Five participants in an open-ended hunger strike by dozens of laid-off Mexican electrical workers were taken to the hospital on May 21 and 22 as the protest reached the four-week mark. About 68 hunger strikers remained camped out in Mexico City’s main plaza, the Zócalo, in the workers’ latest protest against President Felipe Calderón Hinojosa’s sudden liquidation of the government-owned Central Light and Power Company (LFC) the night of Oct. 10. More than 17,000 of the 44,000 laid-off LFC workers, represented by the 95-year-old Mexican Electrical Workers Union (SME), have rejected the government’s severance package, choosing to fight the closing with protests and lawsuits.
The mass hunger strike began on April 25 with 10 participants subsisting on a combination of water, honey and a nutrient solution; 10 more were to join them each day, although most of these were limiting their participation to 24 hours. Another 13 workers started a hunger strike in Toluca in nearby México state. Four of the 10 original strikers were still fasting in the Zócalo on May 22; of a group of 10 women who joined later, only one had dropped out. A total of 12 strikers had had to stop for medical reasons, including blood pressure alterations and kidney and gastrointestinal problems.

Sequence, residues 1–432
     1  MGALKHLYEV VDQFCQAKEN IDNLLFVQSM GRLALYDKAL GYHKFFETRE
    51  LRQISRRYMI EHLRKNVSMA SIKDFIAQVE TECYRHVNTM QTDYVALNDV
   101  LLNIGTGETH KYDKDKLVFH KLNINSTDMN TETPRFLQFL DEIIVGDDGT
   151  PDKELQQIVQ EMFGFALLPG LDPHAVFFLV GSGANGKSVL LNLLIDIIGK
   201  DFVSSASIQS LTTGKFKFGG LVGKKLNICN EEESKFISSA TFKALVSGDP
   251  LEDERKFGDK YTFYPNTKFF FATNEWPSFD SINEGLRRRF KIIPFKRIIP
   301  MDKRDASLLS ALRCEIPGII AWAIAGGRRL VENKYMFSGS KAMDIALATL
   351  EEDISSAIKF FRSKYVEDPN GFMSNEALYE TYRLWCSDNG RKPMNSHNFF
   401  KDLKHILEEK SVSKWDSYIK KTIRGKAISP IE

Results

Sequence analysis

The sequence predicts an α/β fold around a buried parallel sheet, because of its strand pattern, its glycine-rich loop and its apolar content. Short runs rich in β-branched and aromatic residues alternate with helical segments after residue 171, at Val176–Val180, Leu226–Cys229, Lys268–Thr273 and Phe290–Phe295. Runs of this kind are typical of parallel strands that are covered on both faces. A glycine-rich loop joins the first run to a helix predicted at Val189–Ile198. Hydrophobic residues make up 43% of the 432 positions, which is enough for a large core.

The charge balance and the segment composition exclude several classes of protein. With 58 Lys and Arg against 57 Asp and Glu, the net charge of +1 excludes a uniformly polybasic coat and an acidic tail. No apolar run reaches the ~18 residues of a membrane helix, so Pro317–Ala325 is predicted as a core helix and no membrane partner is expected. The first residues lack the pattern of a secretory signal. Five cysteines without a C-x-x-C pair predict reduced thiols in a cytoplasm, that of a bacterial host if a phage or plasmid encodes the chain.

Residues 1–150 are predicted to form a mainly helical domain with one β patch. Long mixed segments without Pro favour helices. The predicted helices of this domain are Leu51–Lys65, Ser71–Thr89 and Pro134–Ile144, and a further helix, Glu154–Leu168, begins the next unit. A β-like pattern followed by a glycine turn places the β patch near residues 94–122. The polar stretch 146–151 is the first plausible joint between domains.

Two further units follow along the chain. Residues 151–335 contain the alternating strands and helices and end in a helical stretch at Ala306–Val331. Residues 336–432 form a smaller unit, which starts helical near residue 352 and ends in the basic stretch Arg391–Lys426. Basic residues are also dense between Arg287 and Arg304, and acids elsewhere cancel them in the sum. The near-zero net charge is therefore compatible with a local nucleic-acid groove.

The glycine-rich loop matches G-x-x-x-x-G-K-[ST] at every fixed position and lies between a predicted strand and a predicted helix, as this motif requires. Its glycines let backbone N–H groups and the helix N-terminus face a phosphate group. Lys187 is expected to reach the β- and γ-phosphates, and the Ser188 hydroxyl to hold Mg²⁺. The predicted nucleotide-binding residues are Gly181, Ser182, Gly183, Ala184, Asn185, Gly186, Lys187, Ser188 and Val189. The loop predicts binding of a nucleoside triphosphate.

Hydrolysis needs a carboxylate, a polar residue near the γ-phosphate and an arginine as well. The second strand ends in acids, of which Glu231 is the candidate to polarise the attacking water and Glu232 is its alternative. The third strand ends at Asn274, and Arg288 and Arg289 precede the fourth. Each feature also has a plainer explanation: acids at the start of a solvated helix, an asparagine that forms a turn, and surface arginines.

On May 22 the SME’s interior secretary, Humberto Montes de Oca, said the strike would continue despite the loss of strikers due to health problems. “There are a lot of compañeros waiting for us to give them the green light to join the strike,” he said. “The important thing is that the fast already has an impact on society, as a demonstration that there can be resistance to the government’s authoritarian acts.” (La Jornada, Mexico, May 23)
From Weekly News Update on the Americas, May 23.